It’s official: We’re back in boom times from a tech IPO standpoint.
2012 is now on pace to be a record-breaking year for initial public offerings, and technology companies are leading the way. Fifty-seven IPOs have been priced since January 1st, which is the most U.S. IPO pricings the U.S. market has seen during the first four months of year since 2000, according to new data out of IPO-focused investment bank Renaissance Capital. The overall pace seems to be picking up even more, according to the firm — 14 new pricings have been made in the past week alone.
Not surprisingly, the tech sector is a big part of the ongoing IPO boom, with the industry accounting for 21 of the 57 IPO pricings made so far this year. And the biggest deal of them all — Facebook, of course — is still yet to occur.
A lot of people are crying “bubble” right now, which is understandable. But it’s important to remember that just because IPO numbers are up at 2000 levels does not mean we’re all primed for a 2001-like fall. For one thing, as a lot of people who were around in the first Dot Com boom will tell you, things are not nearly as hyped up right now in tech as they were then from a money-spending standpoint (which is good, but also kind of a bummer, as I would selfishly like to go to more epic parties.)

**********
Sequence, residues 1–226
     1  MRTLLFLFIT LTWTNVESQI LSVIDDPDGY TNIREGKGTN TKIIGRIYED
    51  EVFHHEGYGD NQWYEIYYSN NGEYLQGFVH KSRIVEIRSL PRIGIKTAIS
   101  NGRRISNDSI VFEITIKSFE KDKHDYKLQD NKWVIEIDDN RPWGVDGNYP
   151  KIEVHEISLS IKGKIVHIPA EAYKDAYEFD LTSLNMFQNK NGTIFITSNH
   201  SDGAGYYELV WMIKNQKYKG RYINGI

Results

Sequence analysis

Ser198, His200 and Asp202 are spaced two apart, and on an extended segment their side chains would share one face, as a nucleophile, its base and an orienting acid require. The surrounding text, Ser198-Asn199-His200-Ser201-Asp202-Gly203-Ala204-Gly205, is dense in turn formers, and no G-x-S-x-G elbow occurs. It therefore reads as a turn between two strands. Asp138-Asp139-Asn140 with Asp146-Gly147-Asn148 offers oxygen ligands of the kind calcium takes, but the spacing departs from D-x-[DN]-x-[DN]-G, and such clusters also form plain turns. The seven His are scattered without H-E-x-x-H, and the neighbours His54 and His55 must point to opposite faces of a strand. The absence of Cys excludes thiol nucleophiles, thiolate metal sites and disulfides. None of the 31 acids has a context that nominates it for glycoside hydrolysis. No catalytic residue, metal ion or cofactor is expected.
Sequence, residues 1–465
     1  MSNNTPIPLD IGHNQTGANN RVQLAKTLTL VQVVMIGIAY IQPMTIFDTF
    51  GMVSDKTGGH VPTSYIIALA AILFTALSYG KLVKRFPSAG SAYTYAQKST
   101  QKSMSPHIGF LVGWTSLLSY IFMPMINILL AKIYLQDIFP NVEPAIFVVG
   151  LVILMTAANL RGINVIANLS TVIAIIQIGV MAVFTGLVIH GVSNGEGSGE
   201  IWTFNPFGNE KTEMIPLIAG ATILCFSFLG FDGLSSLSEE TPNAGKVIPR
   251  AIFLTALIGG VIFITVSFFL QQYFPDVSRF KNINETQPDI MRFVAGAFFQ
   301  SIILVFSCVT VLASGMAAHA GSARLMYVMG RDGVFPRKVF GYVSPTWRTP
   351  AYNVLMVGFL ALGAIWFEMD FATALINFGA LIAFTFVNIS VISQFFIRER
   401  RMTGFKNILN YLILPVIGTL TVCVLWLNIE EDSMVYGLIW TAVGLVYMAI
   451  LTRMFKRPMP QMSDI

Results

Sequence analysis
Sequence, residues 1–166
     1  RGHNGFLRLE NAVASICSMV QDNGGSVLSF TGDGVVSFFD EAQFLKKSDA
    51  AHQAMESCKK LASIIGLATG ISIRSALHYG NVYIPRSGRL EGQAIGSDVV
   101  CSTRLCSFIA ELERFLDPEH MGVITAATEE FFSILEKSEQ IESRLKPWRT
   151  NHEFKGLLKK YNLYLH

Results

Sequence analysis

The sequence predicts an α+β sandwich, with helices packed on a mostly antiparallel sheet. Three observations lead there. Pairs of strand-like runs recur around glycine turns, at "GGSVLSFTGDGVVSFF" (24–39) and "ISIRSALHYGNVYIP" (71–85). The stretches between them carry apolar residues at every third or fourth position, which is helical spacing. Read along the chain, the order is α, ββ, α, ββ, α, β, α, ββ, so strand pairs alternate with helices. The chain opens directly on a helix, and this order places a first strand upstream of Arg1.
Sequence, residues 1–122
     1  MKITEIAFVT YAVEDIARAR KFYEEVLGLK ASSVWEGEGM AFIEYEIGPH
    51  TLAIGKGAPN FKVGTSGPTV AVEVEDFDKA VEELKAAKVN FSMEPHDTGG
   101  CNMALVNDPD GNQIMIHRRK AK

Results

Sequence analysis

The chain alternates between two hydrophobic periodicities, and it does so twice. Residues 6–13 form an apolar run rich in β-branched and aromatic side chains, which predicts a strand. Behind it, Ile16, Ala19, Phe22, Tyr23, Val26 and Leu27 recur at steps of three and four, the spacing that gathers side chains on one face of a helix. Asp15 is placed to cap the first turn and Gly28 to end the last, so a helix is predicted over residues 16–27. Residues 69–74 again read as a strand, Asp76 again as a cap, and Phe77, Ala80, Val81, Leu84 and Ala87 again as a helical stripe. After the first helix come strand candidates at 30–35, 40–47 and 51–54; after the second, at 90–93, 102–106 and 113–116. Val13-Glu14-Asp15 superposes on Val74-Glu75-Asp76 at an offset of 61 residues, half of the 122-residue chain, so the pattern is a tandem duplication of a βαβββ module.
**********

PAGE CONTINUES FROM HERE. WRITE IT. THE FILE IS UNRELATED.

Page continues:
But most importantly, a huge number of people are actually on the Internet this time around — meaning that many of the web-based companies debuting on the stock market now are actually pulling in serious profits that just might justify their big valuations. It’s reasonable to think that this tech wave is one that could actually last.